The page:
Search Images Maps Play YouTube News Gmail Drive More »
Sign in
Screen reader users: click this link for accessible mode. Accessible mode has the same essential features but works better with your reader.

Patents

  1. Advanced Patent Search
Publication numberUS5801524 A
Publication typeGrant
Application numberUS 08/863,151
Publication dateSep 1, 1998
Filing dateMay 27, 1997
Priority dateMay 27, 1997
Fee statusLapsed
Publication number08863151, 863151, US 5801524 A, US 5801524A, US-A-5801524, US5801524 A, US5801524A
InventorsDavid Boerstler
Original AssigneeInternational Business Machines Corporation
Export CitationBiBTeX, EndNote, RefMan
External Links: USPTO, USPTO Assignment, Espacenet
Voltage controlled current source for low voltage applications
US 5801524 A
Abstract
A differential input, voltage controlled current source utilizing a low supply voltage and realizing a wide common mode input range. The voltage controlled current source provides a differential output current as a function the differential input voltage which is independent of the common mode input voltage level. The voltage controlled current source includes a first and a second differential amplifier receiving the differential input voltage and producing a differential current having a first and second leg. The first leg of the differential output current is tracked by a current mirror which floats as a function of the bias voltage and common mode input voltage. A second floating current mirror tracks the second differential output current leg. The first and second current mirrors are coupled to a replica bias circuit which is connected in parallel with the differential amplifiers. The replica bias and first and second current mirrors are connected across the supply voltage and not cascaded with other circuit functions, making the present invention compatible with low voltage technologies.
Images(2)
Previous page
Next page
Claims(13)
What is claimed is:
1. A voltage controlled current source utilizing a low supply voltage and a differential input voltage comprising:
a first and a second differential amplifier coupled to a differential input voltage for producing a differential current which is a function of said differential input voltage and independent of a common mode input voltage, said differential current having a first current and a second current;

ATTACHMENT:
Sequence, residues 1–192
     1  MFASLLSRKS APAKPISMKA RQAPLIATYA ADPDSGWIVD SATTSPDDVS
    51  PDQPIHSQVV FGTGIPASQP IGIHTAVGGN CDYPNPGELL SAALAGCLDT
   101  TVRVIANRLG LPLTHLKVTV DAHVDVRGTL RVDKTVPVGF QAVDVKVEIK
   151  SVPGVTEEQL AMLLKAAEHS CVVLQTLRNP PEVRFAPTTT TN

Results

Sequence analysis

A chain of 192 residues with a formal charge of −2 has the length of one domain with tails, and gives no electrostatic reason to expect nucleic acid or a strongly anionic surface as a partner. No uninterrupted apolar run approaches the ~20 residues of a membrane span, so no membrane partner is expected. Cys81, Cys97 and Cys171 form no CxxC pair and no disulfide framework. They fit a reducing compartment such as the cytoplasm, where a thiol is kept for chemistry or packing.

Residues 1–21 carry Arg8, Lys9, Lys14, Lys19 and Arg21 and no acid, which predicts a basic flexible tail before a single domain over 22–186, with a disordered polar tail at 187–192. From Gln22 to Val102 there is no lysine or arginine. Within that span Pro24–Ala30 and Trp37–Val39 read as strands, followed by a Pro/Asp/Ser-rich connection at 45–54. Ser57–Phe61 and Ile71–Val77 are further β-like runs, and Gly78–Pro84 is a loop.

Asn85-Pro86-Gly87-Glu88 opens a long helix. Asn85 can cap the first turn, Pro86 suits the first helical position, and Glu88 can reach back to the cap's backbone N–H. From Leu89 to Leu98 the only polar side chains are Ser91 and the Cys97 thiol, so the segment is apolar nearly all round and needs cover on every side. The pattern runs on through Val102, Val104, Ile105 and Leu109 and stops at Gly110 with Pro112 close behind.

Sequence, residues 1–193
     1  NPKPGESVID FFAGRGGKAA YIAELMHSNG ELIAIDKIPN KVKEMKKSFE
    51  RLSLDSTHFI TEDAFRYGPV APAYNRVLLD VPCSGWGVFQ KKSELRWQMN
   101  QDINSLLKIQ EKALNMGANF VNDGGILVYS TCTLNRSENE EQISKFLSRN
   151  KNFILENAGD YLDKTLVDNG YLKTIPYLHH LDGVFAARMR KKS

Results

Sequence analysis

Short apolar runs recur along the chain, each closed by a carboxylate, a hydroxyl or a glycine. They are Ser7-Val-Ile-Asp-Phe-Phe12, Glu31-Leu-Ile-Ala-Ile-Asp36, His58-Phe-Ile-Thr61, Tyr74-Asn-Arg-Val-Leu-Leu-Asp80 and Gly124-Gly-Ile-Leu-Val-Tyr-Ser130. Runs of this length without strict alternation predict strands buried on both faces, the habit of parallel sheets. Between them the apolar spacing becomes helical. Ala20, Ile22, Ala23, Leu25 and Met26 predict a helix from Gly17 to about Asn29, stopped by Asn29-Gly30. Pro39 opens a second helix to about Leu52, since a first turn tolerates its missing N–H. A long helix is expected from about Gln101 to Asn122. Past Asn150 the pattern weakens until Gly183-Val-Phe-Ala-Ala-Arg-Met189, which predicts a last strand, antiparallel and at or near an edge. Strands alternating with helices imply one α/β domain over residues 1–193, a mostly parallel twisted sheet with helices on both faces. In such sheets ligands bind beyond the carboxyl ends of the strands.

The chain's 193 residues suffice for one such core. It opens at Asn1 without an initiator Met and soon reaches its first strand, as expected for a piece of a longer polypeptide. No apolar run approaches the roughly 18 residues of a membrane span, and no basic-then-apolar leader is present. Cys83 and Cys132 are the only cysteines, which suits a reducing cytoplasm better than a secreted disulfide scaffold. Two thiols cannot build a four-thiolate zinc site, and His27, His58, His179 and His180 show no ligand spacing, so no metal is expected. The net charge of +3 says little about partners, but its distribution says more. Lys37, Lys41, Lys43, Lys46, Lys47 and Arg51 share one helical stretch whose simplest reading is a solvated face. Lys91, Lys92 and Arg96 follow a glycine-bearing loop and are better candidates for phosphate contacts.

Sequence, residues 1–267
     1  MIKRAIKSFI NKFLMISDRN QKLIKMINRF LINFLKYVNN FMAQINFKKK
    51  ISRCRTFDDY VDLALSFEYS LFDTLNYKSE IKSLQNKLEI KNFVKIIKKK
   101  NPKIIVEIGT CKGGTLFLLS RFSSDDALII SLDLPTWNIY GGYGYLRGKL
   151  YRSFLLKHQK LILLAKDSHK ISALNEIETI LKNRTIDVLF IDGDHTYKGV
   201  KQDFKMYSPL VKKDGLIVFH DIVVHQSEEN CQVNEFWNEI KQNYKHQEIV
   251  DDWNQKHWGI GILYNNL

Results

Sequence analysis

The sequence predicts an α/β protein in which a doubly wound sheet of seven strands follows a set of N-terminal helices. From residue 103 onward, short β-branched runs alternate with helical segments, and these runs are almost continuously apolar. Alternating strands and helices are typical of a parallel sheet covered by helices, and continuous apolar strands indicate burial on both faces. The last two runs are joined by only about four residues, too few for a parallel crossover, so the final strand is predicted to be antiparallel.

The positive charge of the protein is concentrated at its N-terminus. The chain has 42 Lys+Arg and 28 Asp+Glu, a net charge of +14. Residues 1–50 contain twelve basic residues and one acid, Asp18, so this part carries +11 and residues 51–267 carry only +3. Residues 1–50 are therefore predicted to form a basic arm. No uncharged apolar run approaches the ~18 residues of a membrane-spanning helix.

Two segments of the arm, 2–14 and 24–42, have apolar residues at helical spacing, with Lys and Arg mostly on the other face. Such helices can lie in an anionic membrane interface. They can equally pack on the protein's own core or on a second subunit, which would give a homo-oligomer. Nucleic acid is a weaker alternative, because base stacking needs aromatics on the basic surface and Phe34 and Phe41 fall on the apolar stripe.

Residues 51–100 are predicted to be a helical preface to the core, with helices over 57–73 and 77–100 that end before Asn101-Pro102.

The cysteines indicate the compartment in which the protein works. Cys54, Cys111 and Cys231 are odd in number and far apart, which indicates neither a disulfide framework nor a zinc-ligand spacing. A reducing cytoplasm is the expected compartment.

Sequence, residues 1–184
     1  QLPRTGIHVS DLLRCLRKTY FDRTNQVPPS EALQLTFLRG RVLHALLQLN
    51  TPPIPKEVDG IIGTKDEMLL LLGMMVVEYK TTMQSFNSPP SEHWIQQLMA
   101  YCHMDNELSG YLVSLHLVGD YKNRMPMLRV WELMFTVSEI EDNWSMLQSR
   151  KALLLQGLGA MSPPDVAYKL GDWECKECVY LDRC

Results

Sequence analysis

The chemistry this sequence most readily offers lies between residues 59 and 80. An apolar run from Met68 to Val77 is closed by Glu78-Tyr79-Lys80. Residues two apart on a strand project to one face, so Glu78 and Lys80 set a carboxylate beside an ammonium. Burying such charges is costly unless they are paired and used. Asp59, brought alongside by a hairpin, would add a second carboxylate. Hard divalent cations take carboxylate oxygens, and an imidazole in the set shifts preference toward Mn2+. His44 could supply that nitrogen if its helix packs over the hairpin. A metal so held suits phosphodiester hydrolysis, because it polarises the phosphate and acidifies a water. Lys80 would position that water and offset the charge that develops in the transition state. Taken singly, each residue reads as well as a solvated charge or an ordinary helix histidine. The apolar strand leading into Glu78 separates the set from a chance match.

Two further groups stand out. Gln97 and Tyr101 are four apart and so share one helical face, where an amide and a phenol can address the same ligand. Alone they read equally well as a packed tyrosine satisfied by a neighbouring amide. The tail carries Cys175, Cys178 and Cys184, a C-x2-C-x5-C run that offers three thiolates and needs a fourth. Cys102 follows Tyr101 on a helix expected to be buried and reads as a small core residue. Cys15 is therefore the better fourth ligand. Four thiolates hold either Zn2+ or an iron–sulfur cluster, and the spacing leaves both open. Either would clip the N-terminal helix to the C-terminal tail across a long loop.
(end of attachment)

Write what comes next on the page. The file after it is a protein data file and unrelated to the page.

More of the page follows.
a first floating current mirror responsive to said first current;
a second floating current mirror responsive to said second current; and
wherein said first and said second floating current mirrors are coupled independently of said first and second differential amplifier to said low supply voltage, allowing utilization of low voltage technology.
2. The voltage controlled current source according to claim 1, wherein an output of said voltage controlled current source remains substantially linear while the common mode input voltage of the differential input voltage ranges from supply voltage high to supply voltage low.
3. The voltage controlled current source according to claim 1, wherein the first differential amplifier is a source coupled N-FET.
4. The voltage controlled current source according to claim 1, wherein the second differential amplifier is a source coupled P-FET.
5. The voltage controlled current source according to claim 1, wherein the first and second floating current mirrors are biased by a replica bias circuit.
6. The voltage controlled current source according to claim 5, wherein said replica bias circuit is a source coupled N-FET pair.
7. The voltage controlled current source according to claim 1, wherein the first and second floating current sources are mirrored by a third and fourth current source.
8. The voltage controlled current source according to claim 1, wherein first and second current mirrors operate responsive to a voltage.
9. The voltage controlled current source according to claim 1, wherein first and second current source drive an output source coupled pair.
10. The voltage controlled current source according to claim 1, wherein output source coupled pair is responsive to a voltage.